This is the moment paramedics perform CPR on the motionless body of this Syrian teenager reportedly shot in the heart by Turkish police after breaking coronavirus lockdown regulations.
The shocking incident took place in the Seyhan district of the southern Turkish city of Adana when 17-year-old Ali al-Hamdan reportedly ignored police warnings to go home during the country’s coronavirus lockdown.
Reports state the teenager was on his way to work to be able to get by when the police reportedly warned him he must go home. He reportedly ran away from the officers to avoid receiving a potential fine which he could not afford.
WARNING: GRAPHIC CONTENT
The Adana Governor’s Office said that the teenager was then “accidentally” wounded when a police officer fired a warning shot into the air. Reports state that Hamdan was shot in the heart.
In the video, paramedics can be seen lifting his lifeless body onto a stretcher as one of them performs CPR on his chest.
He is then taken into an ambulance and the governor’s office confirmed he died in a hospital.
The officer said the police officer involved had been suspended with a “legal and administrative investigation into the case is ongoing”.
The cop, who has not been named in reports, was reportedly arrested on 28th April.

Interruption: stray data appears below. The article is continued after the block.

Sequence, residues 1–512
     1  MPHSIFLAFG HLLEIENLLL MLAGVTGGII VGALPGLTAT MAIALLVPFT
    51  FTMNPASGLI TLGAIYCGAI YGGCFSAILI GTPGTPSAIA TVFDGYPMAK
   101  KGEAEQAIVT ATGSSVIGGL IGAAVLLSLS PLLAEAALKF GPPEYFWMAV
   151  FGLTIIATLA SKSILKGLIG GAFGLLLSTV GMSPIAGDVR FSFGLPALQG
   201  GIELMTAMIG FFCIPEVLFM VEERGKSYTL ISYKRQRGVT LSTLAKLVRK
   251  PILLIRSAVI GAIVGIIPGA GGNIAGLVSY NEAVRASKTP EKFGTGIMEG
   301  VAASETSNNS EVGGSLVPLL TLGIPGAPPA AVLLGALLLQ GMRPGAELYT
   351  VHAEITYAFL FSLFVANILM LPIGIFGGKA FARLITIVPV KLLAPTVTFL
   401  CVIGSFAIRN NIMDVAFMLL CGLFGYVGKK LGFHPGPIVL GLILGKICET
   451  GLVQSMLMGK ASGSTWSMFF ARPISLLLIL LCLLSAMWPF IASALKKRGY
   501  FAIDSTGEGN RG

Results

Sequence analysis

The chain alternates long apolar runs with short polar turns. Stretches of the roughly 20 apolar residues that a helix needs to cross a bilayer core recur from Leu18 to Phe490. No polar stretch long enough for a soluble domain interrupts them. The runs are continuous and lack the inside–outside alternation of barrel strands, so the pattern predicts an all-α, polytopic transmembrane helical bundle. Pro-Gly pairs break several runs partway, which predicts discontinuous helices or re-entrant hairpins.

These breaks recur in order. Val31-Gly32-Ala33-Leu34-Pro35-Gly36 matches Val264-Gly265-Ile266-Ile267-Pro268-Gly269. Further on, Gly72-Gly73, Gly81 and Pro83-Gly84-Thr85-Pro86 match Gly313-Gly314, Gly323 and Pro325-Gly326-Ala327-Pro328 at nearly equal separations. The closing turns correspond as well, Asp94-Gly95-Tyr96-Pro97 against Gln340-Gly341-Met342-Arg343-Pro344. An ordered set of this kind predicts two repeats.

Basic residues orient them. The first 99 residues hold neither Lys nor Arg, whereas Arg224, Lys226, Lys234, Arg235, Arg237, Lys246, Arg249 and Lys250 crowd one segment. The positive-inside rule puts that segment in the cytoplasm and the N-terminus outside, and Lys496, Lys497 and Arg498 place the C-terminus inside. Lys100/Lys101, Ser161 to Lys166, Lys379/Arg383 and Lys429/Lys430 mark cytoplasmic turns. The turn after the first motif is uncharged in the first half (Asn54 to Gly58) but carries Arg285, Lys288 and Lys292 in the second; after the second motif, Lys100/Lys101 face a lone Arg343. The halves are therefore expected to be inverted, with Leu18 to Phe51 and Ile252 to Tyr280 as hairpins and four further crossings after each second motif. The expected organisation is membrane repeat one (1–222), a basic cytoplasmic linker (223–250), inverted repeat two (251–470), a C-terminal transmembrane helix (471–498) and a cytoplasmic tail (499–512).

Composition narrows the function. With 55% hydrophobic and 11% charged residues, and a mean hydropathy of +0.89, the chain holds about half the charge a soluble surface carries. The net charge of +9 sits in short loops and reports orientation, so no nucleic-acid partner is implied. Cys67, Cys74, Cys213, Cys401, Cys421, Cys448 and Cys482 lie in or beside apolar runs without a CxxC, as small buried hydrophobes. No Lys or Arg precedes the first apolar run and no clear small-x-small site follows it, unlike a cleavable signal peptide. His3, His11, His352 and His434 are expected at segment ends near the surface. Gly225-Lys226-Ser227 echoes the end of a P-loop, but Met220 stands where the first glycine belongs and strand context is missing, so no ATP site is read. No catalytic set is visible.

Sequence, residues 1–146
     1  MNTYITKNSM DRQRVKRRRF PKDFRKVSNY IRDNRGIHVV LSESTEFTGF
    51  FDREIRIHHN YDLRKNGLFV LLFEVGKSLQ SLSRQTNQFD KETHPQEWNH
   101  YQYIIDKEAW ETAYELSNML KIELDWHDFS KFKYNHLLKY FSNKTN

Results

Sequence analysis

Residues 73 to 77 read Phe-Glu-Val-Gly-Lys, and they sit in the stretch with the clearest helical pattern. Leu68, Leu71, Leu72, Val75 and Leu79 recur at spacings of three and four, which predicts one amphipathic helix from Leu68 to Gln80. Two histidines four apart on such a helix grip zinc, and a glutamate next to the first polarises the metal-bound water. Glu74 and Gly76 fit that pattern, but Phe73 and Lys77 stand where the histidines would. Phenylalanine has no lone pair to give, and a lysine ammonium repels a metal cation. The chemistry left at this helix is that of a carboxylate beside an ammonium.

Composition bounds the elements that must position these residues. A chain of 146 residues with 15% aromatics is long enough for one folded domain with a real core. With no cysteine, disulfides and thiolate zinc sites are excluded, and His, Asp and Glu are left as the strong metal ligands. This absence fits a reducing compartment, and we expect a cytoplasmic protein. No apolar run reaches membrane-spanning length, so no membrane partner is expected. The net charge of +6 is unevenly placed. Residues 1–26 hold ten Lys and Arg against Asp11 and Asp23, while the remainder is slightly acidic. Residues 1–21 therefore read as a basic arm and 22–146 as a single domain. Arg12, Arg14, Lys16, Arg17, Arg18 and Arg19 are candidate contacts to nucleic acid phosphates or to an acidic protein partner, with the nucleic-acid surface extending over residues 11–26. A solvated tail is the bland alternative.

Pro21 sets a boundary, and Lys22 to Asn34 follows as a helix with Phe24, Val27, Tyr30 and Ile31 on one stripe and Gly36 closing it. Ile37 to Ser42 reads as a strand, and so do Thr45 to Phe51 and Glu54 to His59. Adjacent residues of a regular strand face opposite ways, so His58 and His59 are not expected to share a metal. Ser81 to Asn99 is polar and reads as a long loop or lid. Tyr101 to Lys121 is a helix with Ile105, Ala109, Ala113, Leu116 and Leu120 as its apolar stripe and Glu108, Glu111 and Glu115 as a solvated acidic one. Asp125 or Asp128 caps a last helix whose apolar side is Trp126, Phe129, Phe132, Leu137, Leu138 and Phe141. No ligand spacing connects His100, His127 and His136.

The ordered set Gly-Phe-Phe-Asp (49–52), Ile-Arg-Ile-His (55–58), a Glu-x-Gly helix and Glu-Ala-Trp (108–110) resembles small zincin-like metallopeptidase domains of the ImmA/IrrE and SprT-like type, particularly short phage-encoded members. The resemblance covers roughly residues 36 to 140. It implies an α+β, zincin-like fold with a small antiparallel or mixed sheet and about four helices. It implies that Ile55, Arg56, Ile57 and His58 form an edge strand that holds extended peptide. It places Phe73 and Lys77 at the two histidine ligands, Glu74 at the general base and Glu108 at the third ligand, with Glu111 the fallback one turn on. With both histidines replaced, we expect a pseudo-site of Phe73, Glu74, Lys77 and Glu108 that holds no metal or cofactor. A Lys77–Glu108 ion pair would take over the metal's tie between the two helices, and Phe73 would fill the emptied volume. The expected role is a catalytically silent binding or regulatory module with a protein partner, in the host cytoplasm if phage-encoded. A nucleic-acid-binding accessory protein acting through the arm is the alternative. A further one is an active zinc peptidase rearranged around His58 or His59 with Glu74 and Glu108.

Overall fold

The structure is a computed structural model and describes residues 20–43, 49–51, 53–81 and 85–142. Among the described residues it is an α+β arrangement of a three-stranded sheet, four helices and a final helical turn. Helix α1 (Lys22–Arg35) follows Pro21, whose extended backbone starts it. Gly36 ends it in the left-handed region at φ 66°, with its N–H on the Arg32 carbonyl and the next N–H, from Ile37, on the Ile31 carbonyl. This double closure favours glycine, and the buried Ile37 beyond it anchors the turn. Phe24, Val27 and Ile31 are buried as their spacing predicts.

The incident has caused outrage on social media with opposition Republican People’s Party (CHP) MP Mahir Polat writing online: “It is not enough to suspend the police officer who shot 17-year-old Ali for not responding to the ‘stop’ warning. This is an organised crime.”
The opposition also slammed the fact that the first police statement claimed the teenager had been shot in the leg, not the heart.
Turkey’s lockdown allows residents under the age of 20 with a job to leave their homes, but they need documentation and proof of employment, something the majority of Syrian refugees do not have.
Can Isal, a lawyer for the refugee relief organisation Support to Life, based in Istanbul, told local media: “Economically, refugees are facing higher risk than Turkish citizens. The first reason for that is most of them are unregistered wage earners, thus they are laid off more easily than those who work legally.”
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